Some days are rough. Sometimes it’s a whole week or month.

And, if you’ve lived through 2020 and the first part of 2021, you know hard times can last for years on end.

But while the past 19 months have brought grief, stress, depression, and anxiety, there’s a shared feeling of “we’re all in this together.”

In other words, you may not be okay, but neither is anyone else.

From parents to teachers, front-line workers to children and teens, we’re all being challenged in individual and collective ways.

We’re doing the best we can to get through each day, but the struggles are new, complicated, and sometimes downright overwhelming.

It’s not easy and never straightforward, but does it make a difference knowing no one is okay?

I’d argue that while it normalizes the feeling, it doesn’t make it go away.

Take me, for example. As a professional therapist, business owner, and mother, I know my colleagues, family, friends, and patients feel the same stress and anxiety. I understand because I am right there with you.

But how do we acknowledge this reality without judgment and also take steps toward a better future?

As we head into the colder months, a time of year when many of us struggle with mental health (even pre-Covid), I’ve put together a few simple tips that can help.

Tip #1: Practice self-compassion.

It’s one of the first things I say to all of my patients, no matter what they’re going through:

You are not alone.

No one is okay right now, now more than ever. We’re living through unprecedented times with unprecedented challenges, and the impending winter can take an extra toll on your mental health.

Before you can make a plan, validate how you’re feeling and give yourself some grace. We’re all going through it, and that’s okay.

Tip #2: Build your community now.

We’re currently in that sweet spot of fall — the weather is beautiful, and, for the most part, people feel comfortable meeting outside to spend some quality time together.

My advice: Take advantage of this time and push yourself to connect with people through support groups, community events, and parenting networks. If you wait until winter, there will be fewer options as people start to head back indoors.

Now is the time when, even if the group has to stop meeting in person, you’ll get the opportunity to build up your community. So, stop putting it off and start connecting now.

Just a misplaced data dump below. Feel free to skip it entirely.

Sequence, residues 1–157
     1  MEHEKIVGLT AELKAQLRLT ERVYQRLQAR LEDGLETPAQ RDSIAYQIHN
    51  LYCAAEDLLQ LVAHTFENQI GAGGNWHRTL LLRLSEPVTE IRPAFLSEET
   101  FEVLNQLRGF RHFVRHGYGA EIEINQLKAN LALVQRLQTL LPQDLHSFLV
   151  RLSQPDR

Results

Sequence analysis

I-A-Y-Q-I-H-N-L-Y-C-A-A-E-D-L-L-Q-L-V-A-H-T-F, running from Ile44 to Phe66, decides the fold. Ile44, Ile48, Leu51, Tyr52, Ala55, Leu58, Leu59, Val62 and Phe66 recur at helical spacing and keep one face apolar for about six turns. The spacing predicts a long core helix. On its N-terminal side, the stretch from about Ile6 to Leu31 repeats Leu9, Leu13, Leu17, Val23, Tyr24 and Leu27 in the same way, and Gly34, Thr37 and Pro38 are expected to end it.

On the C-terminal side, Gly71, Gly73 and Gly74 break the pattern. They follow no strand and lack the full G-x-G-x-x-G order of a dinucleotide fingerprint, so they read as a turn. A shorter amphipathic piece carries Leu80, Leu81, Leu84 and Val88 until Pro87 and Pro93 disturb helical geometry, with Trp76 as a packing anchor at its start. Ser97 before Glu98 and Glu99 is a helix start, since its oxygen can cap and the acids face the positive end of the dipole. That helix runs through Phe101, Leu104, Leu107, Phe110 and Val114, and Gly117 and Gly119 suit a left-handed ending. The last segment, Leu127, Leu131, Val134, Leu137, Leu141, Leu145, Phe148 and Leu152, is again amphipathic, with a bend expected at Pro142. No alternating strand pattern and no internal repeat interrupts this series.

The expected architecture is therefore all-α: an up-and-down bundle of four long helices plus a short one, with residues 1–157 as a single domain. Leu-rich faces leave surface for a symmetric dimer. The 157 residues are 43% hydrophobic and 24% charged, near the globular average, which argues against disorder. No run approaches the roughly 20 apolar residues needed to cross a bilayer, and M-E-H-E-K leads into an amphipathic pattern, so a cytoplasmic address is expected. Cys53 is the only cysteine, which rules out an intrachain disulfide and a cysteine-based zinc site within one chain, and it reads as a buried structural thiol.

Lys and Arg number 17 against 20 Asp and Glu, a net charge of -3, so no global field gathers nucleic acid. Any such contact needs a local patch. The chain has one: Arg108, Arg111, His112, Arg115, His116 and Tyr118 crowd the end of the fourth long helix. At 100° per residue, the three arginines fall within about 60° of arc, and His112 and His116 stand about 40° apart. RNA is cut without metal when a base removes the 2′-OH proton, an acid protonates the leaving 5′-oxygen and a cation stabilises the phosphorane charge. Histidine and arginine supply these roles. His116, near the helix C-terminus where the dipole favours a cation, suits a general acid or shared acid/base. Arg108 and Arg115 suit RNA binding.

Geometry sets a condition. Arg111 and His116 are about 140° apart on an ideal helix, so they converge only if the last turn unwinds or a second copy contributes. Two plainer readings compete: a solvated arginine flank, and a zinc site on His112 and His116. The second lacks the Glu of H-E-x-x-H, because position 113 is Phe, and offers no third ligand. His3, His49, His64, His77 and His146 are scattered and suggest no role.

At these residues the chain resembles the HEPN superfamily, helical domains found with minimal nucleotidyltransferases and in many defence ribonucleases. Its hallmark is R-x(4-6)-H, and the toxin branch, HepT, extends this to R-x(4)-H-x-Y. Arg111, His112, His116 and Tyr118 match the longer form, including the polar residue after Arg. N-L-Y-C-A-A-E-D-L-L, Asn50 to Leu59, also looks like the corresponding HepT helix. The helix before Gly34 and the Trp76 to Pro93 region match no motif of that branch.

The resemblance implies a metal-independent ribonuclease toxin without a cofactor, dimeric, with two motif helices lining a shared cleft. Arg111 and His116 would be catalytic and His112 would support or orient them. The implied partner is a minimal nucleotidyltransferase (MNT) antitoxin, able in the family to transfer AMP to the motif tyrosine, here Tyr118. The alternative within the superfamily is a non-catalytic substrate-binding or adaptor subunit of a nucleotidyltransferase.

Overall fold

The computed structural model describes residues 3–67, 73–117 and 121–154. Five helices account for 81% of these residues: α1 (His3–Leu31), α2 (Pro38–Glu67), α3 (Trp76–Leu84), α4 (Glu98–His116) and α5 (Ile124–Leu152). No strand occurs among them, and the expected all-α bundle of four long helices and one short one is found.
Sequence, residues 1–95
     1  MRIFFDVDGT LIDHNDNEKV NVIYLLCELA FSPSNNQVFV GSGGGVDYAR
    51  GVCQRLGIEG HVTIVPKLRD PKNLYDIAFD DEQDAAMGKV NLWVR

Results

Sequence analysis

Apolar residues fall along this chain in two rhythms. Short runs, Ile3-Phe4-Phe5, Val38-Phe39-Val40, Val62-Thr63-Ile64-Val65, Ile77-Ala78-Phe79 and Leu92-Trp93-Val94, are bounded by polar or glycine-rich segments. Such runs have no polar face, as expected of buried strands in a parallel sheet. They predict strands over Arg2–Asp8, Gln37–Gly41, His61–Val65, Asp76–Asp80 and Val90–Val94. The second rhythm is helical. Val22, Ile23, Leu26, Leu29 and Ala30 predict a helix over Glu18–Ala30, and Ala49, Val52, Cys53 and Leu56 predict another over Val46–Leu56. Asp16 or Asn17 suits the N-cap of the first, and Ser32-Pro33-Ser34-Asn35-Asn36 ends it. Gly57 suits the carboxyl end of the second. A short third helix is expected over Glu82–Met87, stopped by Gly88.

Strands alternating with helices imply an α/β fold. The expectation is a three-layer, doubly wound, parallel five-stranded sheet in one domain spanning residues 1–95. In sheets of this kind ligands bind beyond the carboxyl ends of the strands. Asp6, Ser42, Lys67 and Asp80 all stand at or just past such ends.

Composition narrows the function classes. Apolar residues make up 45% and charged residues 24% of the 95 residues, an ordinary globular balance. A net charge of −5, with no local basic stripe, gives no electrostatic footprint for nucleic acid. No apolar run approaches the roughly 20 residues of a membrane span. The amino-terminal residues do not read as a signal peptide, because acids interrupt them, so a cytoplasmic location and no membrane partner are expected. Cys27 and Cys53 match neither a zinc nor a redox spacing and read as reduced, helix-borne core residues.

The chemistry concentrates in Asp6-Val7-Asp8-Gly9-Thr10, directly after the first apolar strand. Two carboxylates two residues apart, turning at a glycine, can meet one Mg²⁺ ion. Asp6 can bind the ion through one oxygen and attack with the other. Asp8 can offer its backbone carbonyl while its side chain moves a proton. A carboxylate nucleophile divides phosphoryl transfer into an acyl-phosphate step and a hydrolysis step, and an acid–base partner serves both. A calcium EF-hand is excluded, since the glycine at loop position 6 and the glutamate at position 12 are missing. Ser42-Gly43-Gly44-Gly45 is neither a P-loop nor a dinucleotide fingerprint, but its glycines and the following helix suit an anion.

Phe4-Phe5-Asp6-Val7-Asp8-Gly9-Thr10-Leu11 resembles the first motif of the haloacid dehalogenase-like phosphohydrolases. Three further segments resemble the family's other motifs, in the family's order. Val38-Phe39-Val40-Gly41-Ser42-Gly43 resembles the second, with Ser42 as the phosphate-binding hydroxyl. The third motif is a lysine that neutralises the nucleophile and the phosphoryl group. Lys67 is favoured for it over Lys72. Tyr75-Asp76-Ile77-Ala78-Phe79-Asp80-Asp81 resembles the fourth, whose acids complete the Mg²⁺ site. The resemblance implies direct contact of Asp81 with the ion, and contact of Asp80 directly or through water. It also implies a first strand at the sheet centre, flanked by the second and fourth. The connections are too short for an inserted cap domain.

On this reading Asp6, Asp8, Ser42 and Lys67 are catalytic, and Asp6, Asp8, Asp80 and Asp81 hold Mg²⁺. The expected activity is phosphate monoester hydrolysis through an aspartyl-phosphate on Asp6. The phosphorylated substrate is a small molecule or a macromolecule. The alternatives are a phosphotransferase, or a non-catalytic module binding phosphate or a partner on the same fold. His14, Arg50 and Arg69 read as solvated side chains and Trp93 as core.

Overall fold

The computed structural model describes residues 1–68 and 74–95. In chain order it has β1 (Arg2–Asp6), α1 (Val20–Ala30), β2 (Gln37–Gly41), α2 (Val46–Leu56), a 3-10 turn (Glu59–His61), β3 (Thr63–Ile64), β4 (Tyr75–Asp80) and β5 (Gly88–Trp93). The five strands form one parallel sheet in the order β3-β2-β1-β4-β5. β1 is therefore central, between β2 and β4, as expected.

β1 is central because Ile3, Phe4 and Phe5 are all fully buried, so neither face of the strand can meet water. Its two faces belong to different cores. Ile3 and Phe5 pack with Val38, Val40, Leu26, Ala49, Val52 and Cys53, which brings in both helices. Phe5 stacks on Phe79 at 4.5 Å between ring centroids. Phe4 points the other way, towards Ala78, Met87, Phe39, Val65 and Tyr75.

Tip #3: Plan something — and put it on the calendar.

It’s incredible how the simple act of making plans and putting them on the calendar can impact our mental health.

Just having something to look forward to, whether it’s an outdoor brunch with friends or a fun fall activity with your family, can make a big difference!

This also goes for scheduling alone time. Getting your hair cut, signing up for that therapy session you’ve been putting off, or prioritizing exercise — putting yourself on the calendar is arguably the most important thing you can do for yourself.

Tip #4: Get outside and get moving.

Even as the weather begins to turn, take a few minutes to bundle yourself up and get outside.

Even just a 5-minute walk or stretching session in the privacy of your own backyard is great for your physical and mental health.

In fact, being outdoors can improve your overall well-being by lowering your blood pressure, improving mood and focus, and helping with sleep and fewer aches and pains.

And if the idea of braving the frigid temps is just too much, find a way to move indoors. Download a yoga app, join a local YMCA, or take an online fitness class. Doing something is better than nothing, and every little bit makes a difference

Tip #5: Create a “credit list.”

This idea may be new to some of you, but it works. (And it only takes three minutes a day!)

Before you go to bed in the evening, write down three things you did well that day. These don’t have to be major accomplishments, just little wins that you wouldn’t otherwise give yourself credit for.

Maybe the morning was a grind, but did you get everyone out the door? Success! Did you finally call that friend you’ve been meaning to catch up with? Write it down! Or maybe your kid ran out of toothpaste, and you had a new one ready to go. Well done, you!

Acknowledge those moments regularly, and you’ll start to see just how much you do right every single day.

And last but certainly not least, always reach out for support when you need it. No one is okay and many of us face anticipatory grief and anxiety as we head into the colder months, so know you don’t have to go through it alone.

If you’re considering joining a support group or enrolling in therapy, I encourage you to give it a try. Even if it turns out not to be the right fit for you, you’ll be one step closer to taking control of your mental health.

At TogetherWell, we offer therapy and support groups for a number of prenatal, postpartum, and quarter-life issues. We’re very connected to our local community, so we’re happy to help or offer resources in any way we can.